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Rise in internet-connected devices creates new cybersecurity concerns

April 21, 2017

As the so-called “internet of things” continues to grow, so does the need for workers who can protect companies against a new wave of cyberintrusions.

“Everybody knows that the demand for this talent is going to be strong,” said Bill Russell, executive director of global information security at Columbus, Indiana-based Cummins Inc. “I have to have a pipeline of cybersecurity talent.”

Russell was one of five panelists who spoke Friday at Aerospace & Defense in Indiana, an industry event presented by IBJ as well as the Indiana Economic Development Corp. and Conexus Indiana.

Cybersecurity—and the need for workers in this field—was a recurring topic at the event.

The aerospace and defense industry’s interest in cybersecurity is especially keen now with the rise in internet-connected devices. 

As an example, Russell said, Cummins is now producing engines with components that generate a constant stream of data and communicate with online networks in real time. These connections provide new opportunities for outside intruders to infiltrate this network and cause disruption.

Cummins’ production facilities are also highly networked, making them another possible intrusion target, Russell said.

Raytheon Co., a defense contractor which has about 1,000 employees at its Indianapolis plant, is facing similar concerns.

“We have to prepare ourselves for the inevitability of someone getting on our systems,” said Rimas Guzulaitis, a senior director of program management at Raytheon.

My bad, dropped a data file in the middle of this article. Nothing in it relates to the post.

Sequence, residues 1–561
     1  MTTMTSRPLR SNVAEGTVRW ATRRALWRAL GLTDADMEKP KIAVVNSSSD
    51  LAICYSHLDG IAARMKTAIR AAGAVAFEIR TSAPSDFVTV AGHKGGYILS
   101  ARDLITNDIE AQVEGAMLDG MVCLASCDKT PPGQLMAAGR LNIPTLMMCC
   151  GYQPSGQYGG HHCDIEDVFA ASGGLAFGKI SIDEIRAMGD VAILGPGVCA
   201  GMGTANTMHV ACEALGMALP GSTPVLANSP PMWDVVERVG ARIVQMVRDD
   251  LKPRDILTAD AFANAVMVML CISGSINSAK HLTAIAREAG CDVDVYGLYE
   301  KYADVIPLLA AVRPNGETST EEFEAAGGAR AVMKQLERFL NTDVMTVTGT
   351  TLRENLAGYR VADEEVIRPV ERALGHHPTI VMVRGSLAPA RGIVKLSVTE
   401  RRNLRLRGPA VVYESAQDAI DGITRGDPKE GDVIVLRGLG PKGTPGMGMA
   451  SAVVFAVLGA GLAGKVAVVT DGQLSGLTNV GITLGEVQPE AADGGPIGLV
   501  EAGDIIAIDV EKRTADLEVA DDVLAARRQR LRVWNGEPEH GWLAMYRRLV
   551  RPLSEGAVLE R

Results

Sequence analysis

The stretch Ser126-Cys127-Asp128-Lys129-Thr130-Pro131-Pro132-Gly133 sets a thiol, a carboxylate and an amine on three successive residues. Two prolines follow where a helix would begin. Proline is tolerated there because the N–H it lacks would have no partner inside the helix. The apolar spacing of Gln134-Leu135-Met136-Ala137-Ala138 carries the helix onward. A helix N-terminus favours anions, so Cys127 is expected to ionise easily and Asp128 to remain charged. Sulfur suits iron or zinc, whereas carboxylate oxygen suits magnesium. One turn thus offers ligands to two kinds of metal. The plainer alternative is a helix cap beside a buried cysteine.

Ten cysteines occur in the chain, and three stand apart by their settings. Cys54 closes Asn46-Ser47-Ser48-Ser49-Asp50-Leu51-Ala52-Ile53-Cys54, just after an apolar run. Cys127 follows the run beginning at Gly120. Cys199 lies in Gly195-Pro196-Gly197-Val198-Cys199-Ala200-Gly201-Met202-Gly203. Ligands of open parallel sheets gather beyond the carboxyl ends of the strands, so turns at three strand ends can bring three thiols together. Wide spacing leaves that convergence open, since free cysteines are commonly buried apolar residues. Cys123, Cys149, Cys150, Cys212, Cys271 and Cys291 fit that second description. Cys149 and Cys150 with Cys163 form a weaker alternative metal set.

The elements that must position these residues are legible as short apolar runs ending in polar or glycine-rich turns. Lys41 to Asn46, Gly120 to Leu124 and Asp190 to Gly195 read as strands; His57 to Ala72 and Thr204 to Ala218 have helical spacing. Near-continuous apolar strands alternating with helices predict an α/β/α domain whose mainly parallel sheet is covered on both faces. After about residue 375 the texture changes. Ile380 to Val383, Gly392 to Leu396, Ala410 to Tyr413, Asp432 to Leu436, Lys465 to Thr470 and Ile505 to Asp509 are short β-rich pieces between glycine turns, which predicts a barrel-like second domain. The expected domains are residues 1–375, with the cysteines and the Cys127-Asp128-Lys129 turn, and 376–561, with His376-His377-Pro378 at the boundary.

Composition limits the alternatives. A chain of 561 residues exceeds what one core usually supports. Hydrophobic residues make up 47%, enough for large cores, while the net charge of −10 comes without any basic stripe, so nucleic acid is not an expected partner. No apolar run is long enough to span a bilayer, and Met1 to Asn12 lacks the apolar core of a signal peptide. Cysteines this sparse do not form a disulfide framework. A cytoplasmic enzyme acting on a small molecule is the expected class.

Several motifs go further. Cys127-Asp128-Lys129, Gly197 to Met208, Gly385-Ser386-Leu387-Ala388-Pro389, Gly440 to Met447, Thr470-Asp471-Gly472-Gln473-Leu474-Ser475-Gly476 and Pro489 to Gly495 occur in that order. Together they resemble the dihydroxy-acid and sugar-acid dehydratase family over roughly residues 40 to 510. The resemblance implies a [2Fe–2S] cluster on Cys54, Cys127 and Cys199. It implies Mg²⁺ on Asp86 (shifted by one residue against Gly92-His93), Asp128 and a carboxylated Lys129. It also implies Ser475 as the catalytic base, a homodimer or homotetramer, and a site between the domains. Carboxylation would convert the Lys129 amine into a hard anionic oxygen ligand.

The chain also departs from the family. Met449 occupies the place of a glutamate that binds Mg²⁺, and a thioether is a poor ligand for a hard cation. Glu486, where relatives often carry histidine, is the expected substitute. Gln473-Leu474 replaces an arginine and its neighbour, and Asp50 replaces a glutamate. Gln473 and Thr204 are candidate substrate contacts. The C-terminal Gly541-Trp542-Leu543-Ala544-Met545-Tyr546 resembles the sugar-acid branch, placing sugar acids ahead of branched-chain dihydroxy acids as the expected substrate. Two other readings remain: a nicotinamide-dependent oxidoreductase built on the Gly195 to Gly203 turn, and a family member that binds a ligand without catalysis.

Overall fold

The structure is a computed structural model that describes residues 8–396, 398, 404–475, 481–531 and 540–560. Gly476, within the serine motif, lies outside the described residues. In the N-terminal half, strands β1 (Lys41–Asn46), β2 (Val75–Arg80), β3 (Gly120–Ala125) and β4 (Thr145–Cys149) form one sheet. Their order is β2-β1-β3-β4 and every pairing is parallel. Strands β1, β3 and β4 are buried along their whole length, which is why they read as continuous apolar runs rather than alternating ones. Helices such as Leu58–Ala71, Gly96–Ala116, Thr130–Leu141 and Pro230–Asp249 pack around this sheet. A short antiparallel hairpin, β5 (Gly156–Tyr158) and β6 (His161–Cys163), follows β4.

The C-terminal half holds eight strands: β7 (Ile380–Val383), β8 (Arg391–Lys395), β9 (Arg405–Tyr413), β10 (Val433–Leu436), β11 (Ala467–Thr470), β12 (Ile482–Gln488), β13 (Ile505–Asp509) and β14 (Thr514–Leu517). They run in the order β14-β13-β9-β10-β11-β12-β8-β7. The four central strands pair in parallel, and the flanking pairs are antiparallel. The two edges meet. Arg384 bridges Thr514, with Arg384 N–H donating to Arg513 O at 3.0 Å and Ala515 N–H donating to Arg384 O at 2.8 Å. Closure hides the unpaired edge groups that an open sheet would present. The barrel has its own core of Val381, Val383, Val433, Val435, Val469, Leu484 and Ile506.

Looking into the future, Guzulaitis said, companies like Raytheon are moving towards software that can detect outside intrusions and address them without causing disruption to the vehicle’s operator.

The key, Guzulaitis said, is to recruit workers with the skill sets to tackle these challenges. At Raytheon, that means finding people with backgrounds in things like math, engineering, statistics and analytics.

At Cummins, Russell said, the company recently formed a partnership with Ivy Tech Community College to improve the pipeline of qualified cybersecurity workers. In December, Cummins hired its first graduates through this partnership.

But, Russell said, “We can’t rely entirely on the universities and the community colleges” to address the state’s cybersecurity needs. The process begins in grades K-12, where schools can impart both technical knowledge and an overall awareness of cybersecurity issues.

Another challenge, the panelists said, is that many aerospace and defense suppliers are smaller companies that may not have adequate cybersecurity resources. And if an intruder infiltrates a supplier, that intrusion can have a ripple effect on its customers.

“Sometimes, the first step is asking a supplier, ‘How do you secure your data?’” Russell said. 

And sometimes, Russell said, suppliers don’t have a ready answer for that question. “We’re really at the beginning of that journey.”

Raytheon is addressing the issue by taking a mentorship role with some of its smaller suppliers, Guzulaitis said.

Doug Rapp, adviser for cybersecurity and national security initiatives at the IEDC, said Indiana generally has a good ecosystem of universities that are preparing new cybersecurity graduates, and of companies working in the field.

The key, Rapp said, is collaboration. Cybersecurity affects both the public and the private sector, and these various parties need to work together to tackle the problem.

“We all need to understand it," he said.

Including both private companies and the military, an estimated 50,000 to 60,000 people work in the aerospace and defense industry around the state, said Ryan Metzing, director of Conexus’ aerospace and defense initiative.

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